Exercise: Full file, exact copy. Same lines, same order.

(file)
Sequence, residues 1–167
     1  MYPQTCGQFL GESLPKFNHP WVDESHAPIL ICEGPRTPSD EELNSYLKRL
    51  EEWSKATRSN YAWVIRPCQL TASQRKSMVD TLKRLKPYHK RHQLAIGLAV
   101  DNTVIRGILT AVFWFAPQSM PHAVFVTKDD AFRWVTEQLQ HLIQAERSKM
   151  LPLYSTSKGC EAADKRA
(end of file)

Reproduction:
Sequence, residues 1–167
     1  MYPQTCGQFL GESLPKFNHP WVDESHAPIL ICEGPRTPSD EELNSYLKRL
    51  EEWSKATRSN YAWVIRPCQL TASQRKSMVD TLKRLKPYHK RHQLAIGLAV
   101  DNTVIRGILT AVFWFAPQSM PHAVFVTKDD AFRWVTEQLQ HLIQAERSKM
   151  LPLYSTSKGC EAADKRA